In case you default on your loan, second lenders only get paid after the original lender gets paid back. For this reason, you might pay a higher interest rate on a second mortgage than a refinance. This is also why other borrowers may choose to refinance instead.

When It Make Sense to Refinance

If you’re keen on obtaining cash while changing your mortgage rate and term, cash-out refinancing is the best option for you. This allows you to tap your home’s equity in exchange for taking on a higher principal. For instance, your current mortgage has a $100,000 principal balance. Let’s say you need $20,000 to repair your house. You can take a cash-out refinance valued at $120,000. After closing, your lender will give you $20,000, after which you must repay the loan.

When It Makes Sense to Get a Second Mortgage

If you need a large amount of cash but you don’t want to change your mortgage terms, a second mortgage will work for you. Though you’ll pay a bit more interest than your primary mortgage, you can still keep your original rate and payment term. This isn’t always guaranteed if you refinance. A second mortgage also has lower closing costs compared to refis. Moreover, you have the option to choose how you want to get your money. You can take it as a lump sum amount or in the form of a credit line.

Take Note of Tax Deductions

Prior to implementing the Tax Cuts and Job Act of 2017, most interest on second mortgage debt was tax deductible. The 2017 TJCA decreased the total mortgage interest deduction while limiting the second mortgage interest deduction to loans that were specifically used to renovate or expand a house. If you plan on taking this tax deduction, make sure to keep a record of your receipts.

There are 2 Types of Second Mortgage:

  • Home Equity Loan
  • Home Equity Line of Credit (HELOC)

Home Equity Loan

Choosing a home equity loan allows you to take your money as a lump sum fund. You can cash out all the money at once and pay it back in installments. You should consider a home equity loan if you’re determined to borrow a definitive amount of cash to fund a large project or consolidate other high interest debts. Borrowers can use this money to finance any expense, as long as they pay back their lender as agreed.

Home equity loans are usually structured as fixed-rate loans. These come in 5-year terms, 15-year terms, and even 30-year terms. It allows borrowers to make predictable payments that do not changes when rates fall or rise. Depending on the size of the loan, it ensures you’ll have enough time to pay back your lender.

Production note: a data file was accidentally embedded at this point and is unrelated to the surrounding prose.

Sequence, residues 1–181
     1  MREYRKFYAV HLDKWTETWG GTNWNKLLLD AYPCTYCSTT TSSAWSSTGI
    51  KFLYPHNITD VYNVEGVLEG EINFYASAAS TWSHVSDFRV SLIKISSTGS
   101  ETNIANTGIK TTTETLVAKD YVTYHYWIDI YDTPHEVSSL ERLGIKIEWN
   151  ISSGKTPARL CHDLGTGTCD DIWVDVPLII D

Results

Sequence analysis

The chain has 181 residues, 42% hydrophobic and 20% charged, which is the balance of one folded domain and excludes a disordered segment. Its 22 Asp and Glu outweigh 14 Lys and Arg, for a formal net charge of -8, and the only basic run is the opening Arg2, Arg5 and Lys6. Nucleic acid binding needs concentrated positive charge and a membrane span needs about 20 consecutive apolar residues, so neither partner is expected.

Home Equity Loan Advantages

Unlike HELOCs that come with a variable interest rate, home equity loans make sure your payments do not increase over time. You can also predict when you’re able to pay off your loan. And because you’re getting a one-time lump sum fund, you’re not tempted to borrow more against your home equity. It makes it more manageable to pay back your debt.


When you choose a HELOC, you have access to revolving credit similar to a credit card. This is ideal if you want to borrow a more flexible amount against your home equity. Consider this option if you need to cover ongoing expenses over an extended period of time. HELOC allows you to withdraw money as needed up to a pre-approved limit while paying interest against the amount you borrowed. But be careful. You don’t want to rack up an exorbitant debt.

As previously mentioned, HELOCs come with variable interest rates. This means your payments might be higher if rates increase over time. Likewise, if rates decrease, you can make smaller payments. HELOCs are also required by law to have a cap on the maximum interest rate increase over the life of the loan. Thus, even if rates get higher, there are limits to how high your payments will be. Think about this if you’re planning to keep a home equity credit line for the next 15 or 20 years.

HELOCs come with a “draw period” which is usually set within the first 10 years of the loan. After the draw period, you must start paying back your loan, often with larger payments.

HELOC Advantages

The biggest benefit is financial flexibility. Taking a HELOC allows you to borrow the amount you need when you need it. You also pay interest compounded only on the amount you draw. This means you don’t pay for the total equity available in your credit line. HELOC is a good option if you’re financing extended costs. You can use it to fund ongoing expenses for home construction, expensive medical bills, or pay for college education.

The Bottom Line

Happy family with their house at the back.

Refinancing is a strategic financial move that can lower your current mortgage rate and shorten your term. This can reduce your monthly payment and result in greater interest savings over the life of the loan. Moreover, it allows you to borrow money against your home equity.

Apart from cash-out refinancing, you can access home equity by taking out a second mortgage. This can be in the form of a home equity loan or a home equity line of credit (HELOC). Home equity loans provide borrowers with a one-time lump sum fund. Meanwhile, borrowers can use HELOC to withdraw funds as needed while paying for interest on the amount they owe.

Finally, take note of requirements before refinancing. You should have a credit score of at least 620 to qualify. You must also have at least 20 percent equity on your home or 80 percent LTV to be eligible for refinancing. Try to refinance when rates are two percentage points lower. The low rate helps you recoup the expensive cost of refinancing in a shorter amount of time.

Need help estimating your mortgage payment and savings? Use our mortgage payment calculator.

About The Author

Jose Abuyuan is a web content writer, fictionist, and digital artist hailing from Las Piñas City. He is a graduate of Communication and Media Studies at San Beda College Alabang, who took his internship in the weekly news magazine the Philippines Graphic. He has authored works professionally for over a decade.